• Why, when scientists advised that the public should not shake hands, did Boris Johnson announce gleefully that he had been shaking hands with everyone when he visited a hospital ward with Covid patients (March 3rd)?

  • Why did the UK government advise the public not to go to pubs, while also not mandating that pubs should close? (March 16th) (Anecdotally: I walked past a couple of pubs, and saw them packed full with people, presumably grabbing a last chance before any potential closure. The closure eventually happened on March 20th.)

  • Why were incoming flights still broadly permitted, without testing, even from highly-infected parts of the world, as late as April 16th?

  • Why did the UK Government claim in May that they had "brought in the lockdown in care homes ahead of the general lockdown", when there was no lockdown in care homes until the general lockdown? (There was non-mandatory guidance, on 13th March.)

  • Why did the UK Government redefine its "covid tests completed" statistic to include tests posted out to people, even if not returned or processed - creating obscurity about the true number of tests completed and thus the covid incidence rates? (The Chair of the UK Statistics Authority sent a strongly-worded rebuke to the UK Government (2nd June) about its test data reporting.)

  • Why, when the government introduced its "alert levels", did it clearly state that alert level 4 would mean restrictions remain in place (May 11th), but then later (the first week of June) eased lockdown restrictions while also keeping the alert level at 4?

  • Why, instead of maintaining clear public messaging about the safety rules, did 10 Downing Street and many cabinet ministers choose to leap to the defence of special advisor Dominic Cummings when he was revealed to have broken the guidance and potentially the law? (The government could perfectly well have declined to comment, citing it as a personal matter. I find it deeply troubling that they instead chose to risk the public trust in their messaging by linking it to Cummings' chosen behaviour.)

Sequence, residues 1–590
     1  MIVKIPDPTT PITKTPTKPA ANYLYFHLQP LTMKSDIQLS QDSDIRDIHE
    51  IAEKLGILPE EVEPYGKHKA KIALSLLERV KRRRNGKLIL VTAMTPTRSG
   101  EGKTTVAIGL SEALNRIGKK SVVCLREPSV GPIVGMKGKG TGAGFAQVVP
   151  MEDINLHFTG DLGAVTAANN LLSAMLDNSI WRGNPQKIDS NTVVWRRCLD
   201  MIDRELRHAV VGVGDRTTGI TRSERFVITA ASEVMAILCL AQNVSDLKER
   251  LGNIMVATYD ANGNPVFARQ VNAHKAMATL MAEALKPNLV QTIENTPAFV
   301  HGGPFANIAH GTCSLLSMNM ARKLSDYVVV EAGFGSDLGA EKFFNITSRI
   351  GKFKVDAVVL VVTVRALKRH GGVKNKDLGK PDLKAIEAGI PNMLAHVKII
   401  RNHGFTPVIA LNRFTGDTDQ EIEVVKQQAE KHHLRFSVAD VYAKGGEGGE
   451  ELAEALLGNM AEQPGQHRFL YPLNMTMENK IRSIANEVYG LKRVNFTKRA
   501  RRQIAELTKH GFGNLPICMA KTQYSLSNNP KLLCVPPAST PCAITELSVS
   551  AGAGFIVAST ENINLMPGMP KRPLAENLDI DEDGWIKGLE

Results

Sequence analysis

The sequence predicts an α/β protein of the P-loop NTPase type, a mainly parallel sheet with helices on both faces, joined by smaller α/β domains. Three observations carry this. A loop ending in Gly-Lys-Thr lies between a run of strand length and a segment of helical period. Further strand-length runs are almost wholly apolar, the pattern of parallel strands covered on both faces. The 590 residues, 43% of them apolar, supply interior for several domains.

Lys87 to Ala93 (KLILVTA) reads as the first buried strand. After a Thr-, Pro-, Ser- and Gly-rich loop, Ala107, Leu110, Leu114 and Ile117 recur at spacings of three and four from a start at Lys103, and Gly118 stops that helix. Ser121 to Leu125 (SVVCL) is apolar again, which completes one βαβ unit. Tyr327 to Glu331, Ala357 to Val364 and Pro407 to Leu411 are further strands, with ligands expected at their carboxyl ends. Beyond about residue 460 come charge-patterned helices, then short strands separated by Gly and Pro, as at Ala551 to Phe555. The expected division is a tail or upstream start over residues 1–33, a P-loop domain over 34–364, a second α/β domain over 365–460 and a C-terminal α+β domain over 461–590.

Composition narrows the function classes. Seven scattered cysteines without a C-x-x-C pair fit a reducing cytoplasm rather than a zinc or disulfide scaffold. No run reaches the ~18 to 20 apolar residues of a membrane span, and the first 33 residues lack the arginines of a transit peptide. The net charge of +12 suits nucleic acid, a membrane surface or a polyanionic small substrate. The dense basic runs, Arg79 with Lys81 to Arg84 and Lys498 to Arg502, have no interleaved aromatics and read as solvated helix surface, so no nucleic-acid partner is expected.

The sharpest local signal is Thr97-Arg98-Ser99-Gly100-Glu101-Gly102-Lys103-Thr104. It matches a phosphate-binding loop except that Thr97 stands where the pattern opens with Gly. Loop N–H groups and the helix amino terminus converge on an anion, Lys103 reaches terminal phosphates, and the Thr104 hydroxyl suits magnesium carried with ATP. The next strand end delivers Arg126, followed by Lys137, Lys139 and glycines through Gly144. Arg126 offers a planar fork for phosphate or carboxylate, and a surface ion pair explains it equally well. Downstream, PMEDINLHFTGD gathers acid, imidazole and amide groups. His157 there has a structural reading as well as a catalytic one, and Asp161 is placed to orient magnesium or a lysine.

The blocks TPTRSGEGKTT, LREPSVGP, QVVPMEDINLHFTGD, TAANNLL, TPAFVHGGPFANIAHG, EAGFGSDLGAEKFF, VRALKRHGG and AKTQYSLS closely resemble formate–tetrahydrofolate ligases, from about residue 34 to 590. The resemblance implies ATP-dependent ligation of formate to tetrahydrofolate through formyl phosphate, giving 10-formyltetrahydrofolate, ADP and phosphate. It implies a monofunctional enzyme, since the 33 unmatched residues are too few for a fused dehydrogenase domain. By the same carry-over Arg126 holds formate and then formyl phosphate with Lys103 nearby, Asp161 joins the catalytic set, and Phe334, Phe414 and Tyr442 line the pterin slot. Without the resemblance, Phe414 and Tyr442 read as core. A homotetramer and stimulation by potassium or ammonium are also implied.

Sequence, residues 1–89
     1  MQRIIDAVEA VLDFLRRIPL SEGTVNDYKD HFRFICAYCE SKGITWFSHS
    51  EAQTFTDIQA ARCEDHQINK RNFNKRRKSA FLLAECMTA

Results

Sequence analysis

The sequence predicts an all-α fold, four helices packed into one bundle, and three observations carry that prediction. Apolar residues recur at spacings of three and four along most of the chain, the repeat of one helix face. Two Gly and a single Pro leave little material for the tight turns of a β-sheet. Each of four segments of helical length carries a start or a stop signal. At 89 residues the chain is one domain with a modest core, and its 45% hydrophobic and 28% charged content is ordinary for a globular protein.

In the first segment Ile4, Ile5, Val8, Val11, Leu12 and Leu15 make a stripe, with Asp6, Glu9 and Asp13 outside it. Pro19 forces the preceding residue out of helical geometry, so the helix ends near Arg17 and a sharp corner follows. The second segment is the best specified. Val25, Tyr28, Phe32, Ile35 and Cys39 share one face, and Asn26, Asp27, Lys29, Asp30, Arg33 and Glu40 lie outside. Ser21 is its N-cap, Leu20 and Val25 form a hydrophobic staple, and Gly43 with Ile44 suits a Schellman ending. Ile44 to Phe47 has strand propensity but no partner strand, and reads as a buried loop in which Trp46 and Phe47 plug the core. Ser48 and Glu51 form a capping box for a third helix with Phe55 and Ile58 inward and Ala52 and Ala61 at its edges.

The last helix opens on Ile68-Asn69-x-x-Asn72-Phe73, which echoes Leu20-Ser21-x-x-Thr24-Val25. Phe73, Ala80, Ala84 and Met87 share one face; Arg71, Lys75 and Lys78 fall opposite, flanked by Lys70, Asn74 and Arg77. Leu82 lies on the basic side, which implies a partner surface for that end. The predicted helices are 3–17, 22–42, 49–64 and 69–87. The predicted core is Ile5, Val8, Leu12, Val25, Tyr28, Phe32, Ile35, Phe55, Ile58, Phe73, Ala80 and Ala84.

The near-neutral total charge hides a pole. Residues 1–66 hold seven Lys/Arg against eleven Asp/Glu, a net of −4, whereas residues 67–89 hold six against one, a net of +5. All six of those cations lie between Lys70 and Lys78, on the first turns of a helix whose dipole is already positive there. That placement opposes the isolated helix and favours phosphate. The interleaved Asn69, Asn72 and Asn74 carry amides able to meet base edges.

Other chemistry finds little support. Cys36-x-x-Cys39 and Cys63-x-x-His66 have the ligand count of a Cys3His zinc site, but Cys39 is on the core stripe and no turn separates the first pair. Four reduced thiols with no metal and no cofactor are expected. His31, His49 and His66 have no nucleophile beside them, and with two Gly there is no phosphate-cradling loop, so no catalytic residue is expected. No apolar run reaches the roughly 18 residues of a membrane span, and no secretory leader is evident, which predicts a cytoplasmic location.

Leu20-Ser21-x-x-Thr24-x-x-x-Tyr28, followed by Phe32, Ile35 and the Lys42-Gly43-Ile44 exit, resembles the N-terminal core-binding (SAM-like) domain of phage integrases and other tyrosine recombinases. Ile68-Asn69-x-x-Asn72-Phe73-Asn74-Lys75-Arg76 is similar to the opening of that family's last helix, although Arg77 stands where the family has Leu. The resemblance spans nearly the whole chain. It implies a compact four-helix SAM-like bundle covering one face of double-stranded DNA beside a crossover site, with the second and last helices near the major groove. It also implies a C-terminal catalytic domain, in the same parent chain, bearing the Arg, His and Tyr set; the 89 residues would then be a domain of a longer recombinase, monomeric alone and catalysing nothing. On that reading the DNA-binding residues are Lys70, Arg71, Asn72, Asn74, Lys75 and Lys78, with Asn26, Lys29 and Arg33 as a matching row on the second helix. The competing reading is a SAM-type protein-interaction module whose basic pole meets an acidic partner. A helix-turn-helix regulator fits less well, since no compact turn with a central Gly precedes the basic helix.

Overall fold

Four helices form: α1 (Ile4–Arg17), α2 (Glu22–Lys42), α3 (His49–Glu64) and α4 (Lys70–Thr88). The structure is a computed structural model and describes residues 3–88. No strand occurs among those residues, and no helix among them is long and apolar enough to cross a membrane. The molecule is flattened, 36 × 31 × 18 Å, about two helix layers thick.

None of these are "science led" actions, even considering the differences in advice from different scientific advisors. I'm nervous that the scientists involved, who are presumably much less experienced at media and spin than the politicians, may end up scapegoated for mistakes and ambiguities which we can see in retrospect. One of the scariest implications of that would be the big disincentive for scientists to get involved with giving their expert advice to the UK government in future.

If you are involved in science: beware of framing your conversations around flaws/gaps in the scientists' advice - even though that can be an interesting discussion (particularly because it's more concrete than discussing politicians' ideologies). As the list above shows, the people in charge made lots of concrete statements and decisions that deserve clear scrutiny. Similarly, there's no point blaming politicians nor scientists for innocent mistakes. Instead, focus on clear deliberate actions such as listed above. So much of the UK's response was shaped strongly by political ideology and political allegiances. We need to investigate these.